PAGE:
Elessia is inspired on the fantasy worlds of my youth. I was always focused on reading fantasy books and playing fantasy RPGs; those were my main sources of entertainment, along with some lesser-known fantasy anime like Lodoss or Slayers. Northern Elessia in particular also draws a fair bit from my travels in Northern Portugal and Scandinavia.
I’ve always been a fan of perennial living worlds where the adventures of several characters intersect, so I knew that’s what I wanted for my work.
3.- You define your novels as heroic fantasy. What made you choose this concept?
My world is dangerous and unforgiving, but it also has a lot of beauty and it’s not particularly dark, so it didn’t fit the traditional conception of Dark and Grimdark Fantasy.
My main characters are deeply flawed, but they tend to try to do the right thing, so they don’t necessarily match the self-interested stereotype of Dark or the anti-hero of Grimdark.
So I picked Sword & Sorcery as my genre (think Conan the Barbarian.) But it wasn't quite right, as my stories aren’t so personal and character focused. They usually start off like that, but then evolve into something more epic, without reaching the scale of epic fantasy.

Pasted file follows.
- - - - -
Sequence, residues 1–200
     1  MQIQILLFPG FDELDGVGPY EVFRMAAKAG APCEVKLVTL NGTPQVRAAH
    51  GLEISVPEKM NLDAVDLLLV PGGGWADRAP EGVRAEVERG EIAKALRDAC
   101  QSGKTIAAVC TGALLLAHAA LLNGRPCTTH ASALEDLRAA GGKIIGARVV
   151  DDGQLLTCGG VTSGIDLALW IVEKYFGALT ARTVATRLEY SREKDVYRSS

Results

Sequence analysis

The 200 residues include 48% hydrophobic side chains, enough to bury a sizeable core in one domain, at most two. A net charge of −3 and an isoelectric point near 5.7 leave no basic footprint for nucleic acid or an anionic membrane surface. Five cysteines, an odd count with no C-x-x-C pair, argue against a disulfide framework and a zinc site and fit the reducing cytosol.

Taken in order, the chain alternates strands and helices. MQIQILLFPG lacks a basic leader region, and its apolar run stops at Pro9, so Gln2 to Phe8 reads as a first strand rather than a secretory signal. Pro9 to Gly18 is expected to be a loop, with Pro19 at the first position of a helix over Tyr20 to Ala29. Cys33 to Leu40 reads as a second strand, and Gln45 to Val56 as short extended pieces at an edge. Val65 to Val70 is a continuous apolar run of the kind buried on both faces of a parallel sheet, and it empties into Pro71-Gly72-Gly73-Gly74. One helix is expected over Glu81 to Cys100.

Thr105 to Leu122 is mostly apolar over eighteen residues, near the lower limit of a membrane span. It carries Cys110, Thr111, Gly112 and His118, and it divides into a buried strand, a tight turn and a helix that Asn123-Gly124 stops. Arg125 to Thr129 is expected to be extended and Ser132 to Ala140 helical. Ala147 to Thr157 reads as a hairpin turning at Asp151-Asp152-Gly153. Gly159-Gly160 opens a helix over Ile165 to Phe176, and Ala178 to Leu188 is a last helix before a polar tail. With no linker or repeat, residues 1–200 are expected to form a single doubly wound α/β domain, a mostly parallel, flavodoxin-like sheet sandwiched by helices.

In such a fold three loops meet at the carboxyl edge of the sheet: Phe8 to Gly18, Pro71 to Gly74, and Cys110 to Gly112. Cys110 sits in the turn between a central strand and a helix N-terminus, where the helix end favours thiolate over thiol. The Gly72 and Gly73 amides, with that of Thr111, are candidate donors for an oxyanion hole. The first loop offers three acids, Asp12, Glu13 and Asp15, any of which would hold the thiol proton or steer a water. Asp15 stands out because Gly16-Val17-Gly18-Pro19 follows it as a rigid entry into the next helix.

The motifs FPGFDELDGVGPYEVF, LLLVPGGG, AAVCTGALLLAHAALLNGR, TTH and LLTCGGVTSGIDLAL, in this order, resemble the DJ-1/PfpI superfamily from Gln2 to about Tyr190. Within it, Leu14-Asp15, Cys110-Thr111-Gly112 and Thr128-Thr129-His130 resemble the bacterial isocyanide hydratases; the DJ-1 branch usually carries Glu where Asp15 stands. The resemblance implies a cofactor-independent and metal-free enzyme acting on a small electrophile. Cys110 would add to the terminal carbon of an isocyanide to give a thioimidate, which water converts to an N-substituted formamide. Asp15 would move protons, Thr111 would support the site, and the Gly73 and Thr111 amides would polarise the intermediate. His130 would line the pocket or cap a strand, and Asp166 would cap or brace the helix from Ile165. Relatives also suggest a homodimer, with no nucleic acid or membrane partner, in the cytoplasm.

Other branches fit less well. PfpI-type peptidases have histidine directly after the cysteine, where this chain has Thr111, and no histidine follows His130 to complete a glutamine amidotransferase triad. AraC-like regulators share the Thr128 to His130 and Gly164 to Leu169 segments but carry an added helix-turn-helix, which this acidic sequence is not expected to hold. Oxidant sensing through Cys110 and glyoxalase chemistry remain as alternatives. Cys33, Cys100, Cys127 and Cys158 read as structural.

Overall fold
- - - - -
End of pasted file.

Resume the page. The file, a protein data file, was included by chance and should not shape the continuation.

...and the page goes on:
So I settled on a lesser-known offshoot of Sword & Sorcery, Heroic Fantasy (also sometimes referred to as being in-between Sword & Sorcery and Grimdark.)
So we get “unforgiving but not dark world” + “flawed but good characters” + “quests bigger than themselves” = Heroic Fantasy
Of course, I appreciate a lot of this detail gets lost or is irrelevant for the majority of people, so in the storefronts, I just brand as “Dark Epic Fantasy,” which is close enough.
4.- After writing and publishing several novels and novellas, would you say the process has evolved?
Yes, though you wouldn’t notice unless you follow me from the beginning, because after my steepest learning phase I updated all my books to be consistent in quality and format (although the story remained unchanged.)